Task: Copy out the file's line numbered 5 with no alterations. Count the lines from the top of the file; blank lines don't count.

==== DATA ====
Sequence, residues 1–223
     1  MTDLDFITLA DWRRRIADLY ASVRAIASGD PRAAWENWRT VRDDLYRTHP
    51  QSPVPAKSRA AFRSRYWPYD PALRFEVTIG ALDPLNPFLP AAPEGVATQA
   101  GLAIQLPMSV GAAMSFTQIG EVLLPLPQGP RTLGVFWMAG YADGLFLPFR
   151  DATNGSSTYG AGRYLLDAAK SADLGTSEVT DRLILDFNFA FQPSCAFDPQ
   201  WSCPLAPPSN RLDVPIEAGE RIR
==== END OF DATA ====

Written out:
   151  DATNGSSTYG AGRYLLDAAK SADLGTSEVT DRLILDFNFA FQPSCAFDPQ